To produce the forms of chocolate that are widely recognized, the chocolate liquor must be blended. Depending upon the type and grade of chocolate, it is customary to include a blend of chocolate liquor, cacao butter, sugar, and if the chocolate is to become milk or white chocolate, then milk will be added. Dark chocolate has the highest concentration of cacao butter and cacao solids of these three different types of chocolate, typically making it the most expensive to produce.
In order to produce a smoothly blended chocolate with a consistent and satisfying texture, then chocolate blenders will add an emulsifier to the mix that helps the solids and the oils bind to each other. There are two more processes, however, that the chocolate must undergo which will affect their overall texture and smoothness, which will be explained below.
Before the process known as conching, the chocolate is a coarse blend of cacao butter and solids along with any other ingredients that it contains, such as sugar, milk, emulsifiers, and potentially other ingredients. Conching is performed to smooth out the consistency and to improve the texture of the chocolate, so-called because the containers in which this portion of refining was performed were shaped like the shells of conches.
The process itself is fairly simple. Basically, conching is a process by which the chocolate blend is heated and remains at a temperature threshold in order to convert any crystals contained into the mixture in liquids so that they can be smoothly blended.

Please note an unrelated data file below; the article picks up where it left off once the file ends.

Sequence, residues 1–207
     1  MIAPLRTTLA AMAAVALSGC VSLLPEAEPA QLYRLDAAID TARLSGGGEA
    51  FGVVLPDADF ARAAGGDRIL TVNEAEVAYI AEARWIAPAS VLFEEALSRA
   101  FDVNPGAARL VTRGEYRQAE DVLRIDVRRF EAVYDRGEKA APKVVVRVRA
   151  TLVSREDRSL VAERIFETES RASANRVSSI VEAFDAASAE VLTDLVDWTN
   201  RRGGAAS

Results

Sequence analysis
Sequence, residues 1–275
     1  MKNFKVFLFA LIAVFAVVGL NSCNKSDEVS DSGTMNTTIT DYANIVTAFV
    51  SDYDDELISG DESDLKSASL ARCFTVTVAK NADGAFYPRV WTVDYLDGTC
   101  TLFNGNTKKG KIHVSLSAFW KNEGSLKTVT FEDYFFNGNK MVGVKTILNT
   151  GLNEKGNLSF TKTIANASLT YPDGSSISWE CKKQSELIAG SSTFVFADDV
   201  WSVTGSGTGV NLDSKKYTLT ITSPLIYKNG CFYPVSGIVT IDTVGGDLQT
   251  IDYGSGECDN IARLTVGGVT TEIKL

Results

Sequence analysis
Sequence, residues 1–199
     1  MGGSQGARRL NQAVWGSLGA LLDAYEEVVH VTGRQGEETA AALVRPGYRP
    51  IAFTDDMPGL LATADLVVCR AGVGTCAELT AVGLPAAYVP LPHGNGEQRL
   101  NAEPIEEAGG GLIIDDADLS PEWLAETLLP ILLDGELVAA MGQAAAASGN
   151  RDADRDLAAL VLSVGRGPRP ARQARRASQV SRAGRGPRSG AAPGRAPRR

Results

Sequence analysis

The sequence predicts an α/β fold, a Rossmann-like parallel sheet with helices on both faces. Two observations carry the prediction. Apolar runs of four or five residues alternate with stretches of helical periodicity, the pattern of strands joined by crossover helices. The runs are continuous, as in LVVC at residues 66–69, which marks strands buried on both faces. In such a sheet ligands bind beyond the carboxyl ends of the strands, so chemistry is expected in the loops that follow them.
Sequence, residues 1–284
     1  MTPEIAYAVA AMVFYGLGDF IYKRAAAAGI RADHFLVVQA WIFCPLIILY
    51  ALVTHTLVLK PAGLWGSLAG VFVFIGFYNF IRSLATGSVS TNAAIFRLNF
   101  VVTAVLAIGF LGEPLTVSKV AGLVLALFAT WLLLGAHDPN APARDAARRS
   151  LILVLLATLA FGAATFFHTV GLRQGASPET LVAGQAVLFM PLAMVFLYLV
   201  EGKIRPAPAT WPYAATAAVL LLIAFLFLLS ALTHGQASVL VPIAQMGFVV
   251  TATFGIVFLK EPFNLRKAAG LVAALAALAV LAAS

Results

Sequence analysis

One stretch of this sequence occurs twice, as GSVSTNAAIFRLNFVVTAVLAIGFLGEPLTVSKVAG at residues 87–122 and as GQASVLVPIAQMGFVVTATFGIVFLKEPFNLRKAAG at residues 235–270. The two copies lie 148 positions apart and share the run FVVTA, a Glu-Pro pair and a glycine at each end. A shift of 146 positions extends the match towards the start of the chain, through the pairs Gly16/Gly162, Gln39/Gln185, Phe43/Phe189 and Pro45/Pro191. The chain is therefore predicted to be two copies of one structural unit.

Conching doesn’t only improve the texture and consistency of chocolate, though. If you have ever had very dark chocolate or raw cacao powder, you may have noticed that it can be almost unbearably bitter. Conching also helps to reduce the bitterness and acidity of the cacao while at the same time diminishing the moisture content so that the finished chocolate is smoother and creamier.
Tempering is the final process that chocolate manufacturers go through when finishing their chocolate production. To keep things simple, tempering chocolate is a process of melting and then reconstituting chocolate, often slowly and under control, so that the finished chocolate has a reliable consistency, is smooth and shiny, and does not melt or separate too easily. If you have ever melted a perfect chocolate bar and allowed it to reform, you may have noticed that the reformed chocolate was either brittle, chalky, or remelted too easily. Without tempering, this is often how chocolate ends up, and tempering processes result in chocolate with much more pleasant visual, tactile, and gustatory properties.